Women joined racist EDL mob which attacked Kurdish family, Plymouth Crown Court hears
Plymouth Herald by Carl Eve | Saturday, 23 February 2013 | Click here for original article
Two women joined a racist mob which attacked and abused a terrified Kurdish family in a city centre takeaway, a court heard.
Hayley Wells, aged 28, and 30-year-old Kelly Watterson were part of a group which spilled out of a pub and hurled vile abuse on a Sunday afternoon.
Someone threw a glass which smashed next to a baby in a car seat inside the Istanbul kebab shop in Exeter Street, Plymouth Crown Court heard.
Wells scratched the boy's mother on the arm and Watterson admitted she was drunk and aggressive as part of the mob, which had been attending a meeting of the English Defence League.
The mother and her partner were so shaken that they have since sold the takeaway.
Recorder Paul Derbyshire said: "This was a shocking and violent incident which left these victims in a distressed state.
"This has led to the closure of the business and they have moved away."
He handed Wells a suspended prison sentence and Watterson a community order. Both must do hefty periods of unpaid work.
Watterson, of St Peter's Road, Manadon, admitted one count of affray and Wells, of Shell Close, Leigham, admitted one count of religiously aggravated common assault on August 31, 2011.
Kelly Scrivener, for the Crown Prosecution Service, said the male victim arrived at the shop at about 2pm to see a large group of men and women gathered outside the nearby Wild Coyote pub.
He added they racially abused him and told him to "go back to his own country".
Miss Scrivener said someone in the group threw a glass object, which smashed on his car.
She added the two defendants kicked the door of the shop and Wells scratched the woman's arm.
The court heard the mob continued to shout "EDL" and further racist abuse.
Miss Scrivener said an unknown member of the group threw a glass which smashed close to her infant son in a car seat.
She added Wells and Watterson were pulled away by men in the group.
Wells told police in interview that she believed all Muslims were extremists and if she saw a woman in a burka it would make her angry.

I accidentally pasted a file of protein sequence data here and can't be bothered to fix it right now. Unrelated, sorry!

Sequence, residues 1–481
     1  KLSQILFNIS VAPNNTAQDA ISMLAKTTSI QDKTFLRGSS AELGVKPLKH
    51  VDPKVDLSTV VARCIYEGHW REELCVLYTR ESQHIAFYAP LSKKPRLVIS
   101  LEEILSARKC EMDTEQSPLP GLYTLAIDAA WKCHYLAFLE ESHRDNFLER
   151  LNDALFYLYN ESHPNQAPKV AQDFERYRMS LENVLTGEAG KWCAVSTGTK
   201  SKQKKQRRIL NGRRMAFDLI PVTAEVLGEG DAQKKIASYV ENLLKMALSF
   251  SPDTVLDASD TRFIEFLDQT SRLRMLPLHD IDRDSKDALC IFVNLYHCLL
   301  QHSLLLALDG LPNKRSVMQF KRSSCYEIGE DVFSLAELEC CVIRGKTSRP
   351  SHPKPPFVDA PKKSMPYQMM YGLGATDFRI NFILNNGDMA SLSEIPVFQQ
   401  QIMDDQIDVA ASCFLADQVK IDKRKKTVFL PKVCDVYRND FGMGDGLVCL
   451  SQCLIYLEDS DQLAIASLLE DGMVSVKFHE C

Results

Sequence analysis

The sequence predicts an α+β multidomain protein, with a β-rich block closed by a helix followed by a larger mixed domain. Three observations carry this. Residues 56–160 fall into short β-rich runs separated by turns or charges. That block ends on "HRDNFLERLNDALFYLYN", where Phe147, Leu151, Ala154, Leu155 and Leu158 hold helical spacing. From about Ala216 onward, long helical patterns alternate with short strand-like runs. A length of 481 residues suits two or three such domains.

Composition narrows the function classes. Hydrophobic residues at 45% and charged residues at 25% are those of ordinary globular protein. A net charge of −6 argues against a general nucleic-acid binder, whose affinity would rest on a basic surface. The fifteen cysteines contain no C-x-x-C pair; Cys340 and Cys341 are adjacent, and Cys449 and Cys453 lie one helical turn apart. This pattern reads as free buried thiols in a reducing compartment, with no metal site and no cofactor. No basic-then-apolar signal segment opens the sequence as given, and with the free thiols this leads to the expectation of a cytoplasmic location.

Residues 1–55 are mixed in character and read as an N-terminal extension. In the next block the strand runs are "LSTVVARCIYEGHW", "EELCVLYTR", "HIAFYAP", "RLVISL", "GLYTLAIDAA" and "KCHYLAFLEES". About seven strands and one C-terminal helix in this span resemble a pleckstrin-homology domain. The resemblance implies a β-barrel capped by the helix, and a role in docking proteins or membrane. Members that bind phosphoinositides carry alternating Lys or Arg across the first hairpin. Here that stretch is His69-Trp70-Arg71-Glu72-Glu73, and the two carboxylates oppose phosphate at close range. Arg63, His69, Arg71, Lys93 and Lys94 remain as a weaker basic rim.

She admitted to officers that she organised EDL meetings and had been drinking and taking amphetamine.
Miss Scrivener said Watterson, the best friend of Wells, admitted being drunk and aggressive and said she was swept along with the group.
The court heard a statement from the victim which said she still feels "very frightened" walking around the city centre.
She said her partner sold the takeaway, because he was too afraid to work so close to the pub.
Deni Matthews, for Wells, said the offence was 18 months old and a probation officer believed she was unlikely to reoffend.
He added since that time her partner and the father of her child had died in a road accident. Darren Walsh, aged 20, crashed a car in Leigham after drinking and smoking cannabis.
Mr Matthews said: "She suffered from effectively a stroke in short terms and it left her with difficulties."
He added: "She has three children and is a good and proper mother."
Jason Beal, for Watterson, said: "She was very drunk and became involved in an argument involving others. She expresses remorse and contrition."
He added she was doing a college course in beauty.
The judge handed Wells a three-month prison sentence suspended for two years under probation supervision. She must do 200 hours unpaid work and pay the victim £100 in compensation.
Watterson was given a 12-month community order under probation supervision with 150 hours unpaid work. She must also pay £100 in compensation to the victim.
GRACIOUSNESS OF VICTIMS GLAD ATTACKERS HAVE NOT BEEN JAILED
THE mother caught up in the racist attack has said she is pleased her attackers have not been jailed as 'they have young children... and those children need their mothers'.
The mother's words were relayed to The Herald by the key witness in the case and family friend, who has asked to be identified only as HK.